This weekend’s series in Wrigley Field is a homecoming of sorts for Washington Nationals’ manager Davey Martinez, who debuted in the major leagues with the Chicago Cubs as a player back in 1986, three years after they drafted him, and served as the Cubbies’ bench coach under Joe Maddon from 2015-17 before joining the Nats, helping the city end their 108-year World Series drought in 2016.
Early in his time in the nation’s capital, Martinez talked about the impact Maddon had on his career over the ten years they worked together, first in Tampa Bay and then in the so-called Windy City.
“Not only is he a great teacher, but Joe is a student of the game, and he’s always looking for an edge,” Martinez said in an MLB Network Radio interview last November.
“And I was able to be with him and pick his brain about what’s next.”
“We never feel like we know everything,” he continued, “and we want to continue to learn to try to find that edge to compete at the highest level every day.”
Davey, Joe and Theo. #Cubs pic.twitter.com/j1PE98q2PM— Carrie Muskat (@CarrieMuskat) August 10, 2018
His biggest takeaway from his time as Maddon’s bench coach?
“I really believe that the biggest thing for me that I took from Joe is his positivity and the way he processes things, his preparation,” Martinez said.
“It was unbelievable. Over the years, everybody’s heard how we do some very different things, but it’s not things that we don’t think about, it’s not things that we just do on a whim. We base everything on information, and we process everything, and we prepare well for every game, and it’s fun.
“It keeps everybody engaged, it keeps everybody prepared, so those are the things that I really took, and learned, from Joe, as to take all the information and prepare yourself, process it, and put the best guys out there to win the game.”
Returning to Wrigley Field, as a manager for the first time, and managing against his former team and mentor was an emotional experience for Martinez before the game even started.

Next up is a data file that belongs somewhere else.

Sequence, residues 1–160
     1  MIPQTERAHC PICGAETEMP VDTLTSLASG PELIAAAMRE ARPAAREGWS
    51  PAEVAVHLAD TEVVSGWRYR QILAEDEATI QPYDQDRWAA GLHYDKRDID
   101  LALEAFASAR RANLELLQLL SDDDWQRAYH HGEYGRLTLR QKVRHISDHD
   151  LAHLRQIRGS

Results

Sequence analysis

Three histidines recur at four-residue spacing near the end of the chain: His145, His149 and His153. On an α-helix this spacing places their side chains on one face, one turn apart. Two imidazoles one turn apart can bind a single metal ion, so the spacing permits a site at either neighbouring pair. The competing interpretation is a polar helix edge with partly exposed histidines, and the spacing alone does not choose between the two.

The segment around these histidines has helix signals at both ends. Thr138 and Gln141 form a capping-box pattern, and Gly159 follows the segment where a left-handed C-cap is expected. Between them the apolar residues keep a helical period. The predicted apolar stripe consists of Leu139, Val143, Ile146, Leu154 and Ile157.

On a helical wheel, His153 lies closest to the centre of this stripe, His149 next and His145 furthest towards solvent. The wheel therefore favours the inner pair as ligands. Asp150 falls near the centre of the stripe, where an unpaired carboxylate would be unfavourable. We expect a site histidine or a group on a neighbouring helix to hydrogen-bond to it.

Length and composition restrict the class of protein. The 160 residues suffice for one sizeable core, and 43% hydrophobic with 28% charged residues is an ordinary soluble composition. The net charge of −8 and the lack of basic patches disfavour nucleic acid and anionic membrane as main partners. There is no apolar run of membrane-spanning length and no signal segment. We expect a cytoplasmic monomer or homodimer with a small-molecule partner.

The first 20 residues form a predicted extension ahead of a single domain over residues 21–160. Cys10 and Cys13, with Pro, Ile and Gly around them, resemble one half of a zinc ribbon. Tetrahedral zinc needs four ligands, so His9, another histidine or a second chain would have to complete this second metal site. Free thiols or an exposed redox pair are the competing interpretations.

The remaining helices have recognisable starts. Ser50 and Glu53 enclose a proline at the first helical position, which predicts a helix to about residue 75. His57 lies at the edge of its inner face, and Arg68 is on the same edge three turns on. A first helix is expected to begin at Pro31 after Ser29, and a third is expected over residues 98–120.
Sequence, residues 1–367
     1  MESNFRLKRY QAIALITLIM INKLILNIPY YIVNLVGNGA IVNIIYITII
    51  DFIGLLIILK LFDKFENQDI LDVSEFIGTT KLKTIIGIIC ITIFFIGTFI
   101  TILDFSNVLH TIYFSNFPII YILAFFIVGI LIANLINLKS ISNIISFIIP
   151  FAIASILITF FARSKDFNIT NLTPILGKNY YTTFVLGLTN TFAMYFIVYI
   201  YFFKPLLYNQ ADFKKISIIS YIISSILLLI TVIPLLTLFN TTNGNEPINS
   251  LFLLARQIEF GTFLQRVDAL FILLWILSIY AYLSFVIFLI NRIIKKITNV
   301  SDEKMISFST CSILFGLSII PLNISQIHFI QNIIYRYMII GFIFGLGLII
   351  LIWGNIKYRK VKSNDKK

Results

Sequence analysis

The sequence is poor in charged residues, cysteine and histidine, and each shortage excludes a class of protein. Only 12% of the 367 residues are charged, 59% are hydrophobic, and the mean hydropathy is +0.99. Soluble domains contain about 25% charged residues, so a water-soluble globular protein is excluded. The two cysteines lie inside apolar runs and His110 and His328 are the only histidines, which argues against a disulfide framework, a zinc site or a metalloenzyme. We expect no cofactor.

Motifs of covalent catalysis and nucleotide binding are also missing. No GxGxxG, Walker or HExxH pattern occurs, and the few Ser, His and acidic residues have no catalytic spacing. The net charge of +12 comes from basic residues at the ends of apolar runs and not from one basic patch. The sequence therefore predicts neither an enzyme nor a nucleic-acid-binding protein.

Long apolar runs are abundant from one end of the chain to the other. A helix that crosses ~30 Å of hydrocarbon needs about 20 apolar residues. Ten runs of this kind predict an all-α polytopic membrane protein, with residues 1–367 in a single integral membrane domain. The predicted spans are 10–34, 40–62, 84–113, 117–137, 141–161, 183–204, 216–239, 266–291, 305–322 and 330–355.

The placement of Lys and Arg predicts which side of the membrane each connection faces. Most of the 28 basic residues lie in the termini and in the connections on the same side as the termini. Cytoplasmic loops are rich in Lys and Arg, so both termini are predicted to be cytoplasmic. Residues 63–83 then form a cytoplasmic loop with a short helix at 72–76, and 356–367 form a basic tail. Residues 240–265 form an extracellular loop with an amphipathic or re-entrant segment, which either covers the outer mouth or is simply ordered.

“It’s a little different, it really is,” Martinez told reporters before the series opener.
“I understand that Joe and I go way back. I started my career as a Cub. Coming back here and being the bench coach and winning the World Series here all means a lot to me, it really does, and it holds an unbelievable memory for me. But now I’ve got a different job, and that’s to get the Nationals to the World Series and win too and I’m excited about that.”
Martinez talked again about what Maddon taught him during their time together before they faced one another as managers for the first time.
“He taught me how to be positive,” Martinez said, as quoted by MLB.com’s Jamal Collier.
“He taught me how to process everything and how to deal with individual players on and off the field. I went to him more than just to help me on the field, off the field, too. He was a true friend and a mentor.”
Asked what the biggest difference was between serving as a bench coach and now working as a manager, Martinez said it was the realization, which sounds obvious, that he is the one who has to take advice and apply it to the decisions he makes after years of offering his opinion.
“I always suggested things to Joe,” he explained, “ultimately he made the final decision, but now I get a lot of things suggested at me, and then I actually make the final decision, that’s the biggest challenge. I could look over and say, ‘Hey, we should do this, this, this,’ and now when I look over, I look and there’s nobody there. I said, ‘Oh, it’s me, okay, here we go.” And I love it. It’s been challenging, but I love it.”
Maddon, who championed Martinez as a managerial candidate for years, said this afternoon he thought returning to Chicago was a big deal for his bench coach.
“I just think it’s a great experience for him to come back to Wrigley and manage at this ballpark and manage against the group that he had been part of, that’s the part that’s different.”